Addiction treatment has generally been classified into several types or modalities. However, with the continually evolving treatment approaches and individual programs, many programs today don’t quite fit into traditional classifications.
Most programs start with detoxification and a medically supervised withdrawal. Detoxification, the process through which the body is cleansed of drugs, works by managing the potentially dangerous physiological effects of stopping drug use. It is not enough on its own to address the psychological, social, and behavioral problems associated with addiction and so it does not produce any lasting behavioral changes necessary for recovery.
Given that detox is almost always accompanied by unpleasant and sometimes even fatal side effects, it is often managed with medications administered by a physician, which is why it is referred to as “medically managed withdrawal”.
- Long-Term Residential Treatment
Long-term residential treatment provides care 24 hours a day, generally in a home environment. The most widely spread residential treatment model is the therapeutic community (TC), with lengths of stay usually between 6 and 12 months. TCs use the program’s entire community to “resocialize” an individual and the treatment focuses on developing one’s personal accountability and a socially productive life. It is highly structured and at times it can be confrontational, with some activities designed to help people examine some of their beliefs which might be damaging to them, as well as help them adopt new constructive ways to interact with others.
Many TCs offer fairly comprehensive services, some including employment training, onsite. Research shows that TCs can be adjusted to better help individuals with special needs, such as teenagers, women, homeless people, people with severe mental disorders, and more.
- Short-Term Residential Treatment
Short-term residential programs use a modified 12-step approach to provide intensive but brief treatment. Initially designed to treat alcohol problems, these programs began treating other types of substance abuse disorders during the cocaine epidemic of the mid-80s.
Originally, the model consisted of a 3 to 6-week inpatient treatment phase in a hospital, followed by outpatient therapy and participation in self-help groups such as Alcoholics Anonymous. After a stay in a residential treatment program, it is important that individuals remain engaged in outpatient treatment programs or aftercare programs to help reduce the risk of relapse.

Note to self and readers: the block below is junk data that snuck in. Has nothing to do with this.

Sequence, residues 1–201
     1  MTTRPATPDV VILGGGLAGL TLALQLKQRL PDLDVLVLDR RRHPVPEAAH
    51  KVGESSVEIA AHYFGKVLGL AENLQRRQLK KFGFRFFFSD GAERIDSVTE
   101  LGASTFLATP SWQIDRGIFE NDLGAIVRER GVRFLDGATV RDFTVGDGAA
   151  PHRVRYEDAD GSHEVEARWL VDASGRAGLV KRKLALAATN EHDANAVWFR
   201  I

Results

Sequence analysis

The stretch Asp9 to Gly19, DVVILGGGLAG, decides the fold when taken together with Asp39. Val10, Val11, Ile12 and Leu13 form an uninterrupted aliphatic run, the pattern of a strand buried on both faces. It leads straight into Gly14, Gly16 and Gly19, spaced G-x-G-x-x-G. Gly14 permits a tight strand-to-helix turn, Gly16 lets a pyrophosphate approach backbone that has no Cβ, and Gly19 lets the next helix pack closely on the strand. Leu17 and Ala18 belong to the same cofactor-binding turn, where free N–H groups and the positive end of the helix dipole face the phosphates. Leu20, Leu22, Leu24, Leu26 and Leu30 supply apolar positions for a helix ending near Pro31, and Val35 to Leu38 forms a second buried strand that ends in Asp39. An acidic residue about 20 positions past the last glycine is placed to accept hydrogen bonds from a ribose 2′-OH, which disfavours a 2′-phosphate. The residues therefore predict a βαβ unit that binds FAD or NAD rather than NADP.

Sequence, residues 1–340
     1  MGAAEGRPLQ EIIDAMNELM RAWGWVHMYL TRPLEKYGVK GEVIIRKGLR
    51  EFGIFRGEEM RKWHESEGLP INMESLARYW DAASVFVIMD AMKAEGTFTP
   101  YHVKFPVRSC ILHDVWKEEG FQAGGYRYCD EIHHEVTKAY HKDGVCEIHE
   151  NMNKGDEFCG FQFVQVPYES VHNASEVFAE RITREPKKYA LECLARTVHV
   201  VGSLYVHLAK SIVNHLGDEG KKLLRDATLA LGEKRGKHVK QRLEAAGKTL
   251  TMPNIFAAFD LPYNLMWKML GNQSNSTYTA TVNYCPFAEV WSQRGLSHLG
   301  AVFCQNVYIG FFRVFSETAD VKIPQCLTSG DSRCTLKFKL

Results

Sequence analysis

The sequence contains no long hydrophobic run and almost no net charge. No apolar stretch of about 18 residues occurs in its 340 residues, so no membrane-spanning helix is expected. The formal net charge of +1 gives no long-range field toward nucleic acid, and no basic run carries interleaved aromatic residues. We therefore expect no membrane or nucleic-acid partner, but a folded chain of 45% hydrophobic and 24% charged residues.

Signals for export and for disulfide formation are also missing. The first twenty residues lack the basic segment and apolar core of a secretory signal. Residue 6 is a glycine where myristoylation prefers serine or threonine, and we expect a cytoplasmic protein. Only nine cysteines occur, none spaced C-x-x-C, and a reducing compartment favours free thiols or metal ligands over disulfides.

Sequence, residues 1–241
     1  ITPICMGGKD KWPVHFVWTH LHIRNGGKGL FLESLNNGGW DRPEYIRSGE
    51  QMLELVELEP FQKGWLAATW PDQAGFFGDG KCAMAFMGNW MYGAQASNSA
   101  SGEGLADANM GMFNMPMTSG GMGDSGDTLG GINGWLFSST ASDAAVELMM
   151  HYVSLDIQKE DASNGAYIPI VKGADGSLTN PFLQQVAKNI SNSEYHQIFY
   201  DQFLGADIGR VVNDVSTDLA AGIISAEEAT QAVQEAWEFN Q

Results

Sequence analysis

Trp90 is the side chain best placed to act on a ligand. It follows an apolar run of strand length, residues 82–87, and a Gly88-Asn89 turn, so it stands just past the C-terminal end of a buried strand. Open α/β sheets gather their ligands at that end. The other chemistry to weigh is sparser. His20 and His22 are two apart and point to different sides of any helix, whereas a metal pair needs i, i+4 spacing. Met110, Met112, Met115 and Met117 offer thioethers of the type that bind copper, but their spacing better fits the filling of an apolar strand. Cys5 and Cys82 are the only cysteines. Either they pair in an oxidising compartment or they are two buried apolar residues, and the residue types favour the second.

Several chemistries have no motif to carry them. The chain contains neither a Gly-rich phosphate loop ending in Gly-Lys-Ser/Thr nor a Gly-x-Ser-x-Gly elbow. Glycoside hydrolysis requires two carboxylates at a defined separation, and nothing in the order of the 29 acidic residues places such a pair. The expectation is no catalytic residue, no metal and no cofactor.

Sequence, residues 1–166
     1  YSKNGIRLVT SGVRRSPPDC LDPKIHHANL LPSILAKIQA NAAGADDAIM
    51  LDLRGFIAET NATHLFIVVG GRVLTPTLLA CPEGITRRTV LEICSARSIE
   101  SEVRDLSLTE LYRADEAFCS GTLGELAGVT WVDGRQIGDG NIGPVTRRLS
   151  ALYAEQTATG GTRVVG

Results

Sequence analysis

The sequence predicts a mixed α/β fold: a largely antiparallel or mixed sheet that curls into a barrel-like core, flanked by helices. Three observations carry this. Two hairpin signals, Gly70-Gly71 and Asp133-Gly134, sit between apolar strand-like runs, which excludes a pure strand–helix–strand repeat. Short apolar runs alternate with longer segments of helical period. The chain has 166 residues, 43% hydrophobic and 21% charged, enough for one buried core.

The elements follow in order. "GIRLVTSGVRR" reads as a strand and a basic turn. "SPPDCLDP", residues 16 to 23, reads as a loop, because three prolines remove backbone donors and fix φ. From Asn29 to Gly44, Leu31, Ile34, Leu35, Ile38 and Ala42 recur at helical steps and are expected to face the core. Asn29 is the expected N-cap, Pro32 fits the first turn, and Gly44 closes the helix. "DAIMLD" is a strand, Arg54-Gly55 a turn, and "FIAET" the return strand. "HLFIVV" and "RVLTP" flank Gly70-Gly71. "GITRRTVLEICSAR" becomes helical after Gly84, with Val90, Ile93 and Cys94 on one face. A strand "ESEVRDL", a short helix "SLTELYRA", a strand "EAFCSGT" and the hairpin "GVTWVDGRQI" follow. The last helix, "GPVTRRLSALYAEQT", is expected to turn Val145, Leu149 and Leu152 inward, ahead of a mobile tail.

- Outpatient Treatment Programs
Outpatient treatment costs less than residential or inpatient treatment and is often the preferred choice for people with jobs or extensive social supports. The downside, though, is that this type of treatment isn’t always as effective, and some low-intensity programs don’t do more than offer drug education. Other models, such as intensive day treatment, are comparable to residential programs in services and effectiveness, depending also on an individual person’s characteristics and needs. Group counseling is a major component in many outpatient programs and some are designed to also treat people with medical or other mental health issues in addition to their drug abuse disorders.
- Individualized Drug Counseling
Individualized drug counseling focuses on reducing or stopping drug or alcohol use and it addresses related areas of impaired functioning, such as employment status, illegal activity, and social relations, as well as the content and structure of a patient’s recovery program.
Counseling has short-term behavioral goals and it helps patients develop strategies and tools that help them abstain from using drugs. Counselors encourage 12-step participation a few times a week and give referrals for medical, psychiatric, employment, and other services.
- Group Counseling
Group therapy is issued to capitalize on social reinforcements offered by peers and to help promote drug-free lifestyles. Used in conjunction with individual counseling, research has shown it to be very successful. As a result, researchers are now testing conditions for standardizing group therapy and making it more community-friendly.
- Treating Criminal Justice-Involved Drug Abusers and Addicted Individuals
Drug abusers often come in contact with the criminal justice system earlier than with other health or social systems, thus presenting opportunities for treatment prior to, during, after, or instead of incarceration. According to research on the subject, combining criminal justice sanctions with treatment can be effective in decreasing abuse and related crimes.
People under legal pressure usually stay in treatment longer and do at least as well as those who are not legally coerced. According to studies, incarcerated individuals who start treatment in prison and continue after they are released have better outcomes than those who don’t: they use less drugs and engage less in criminal behavior.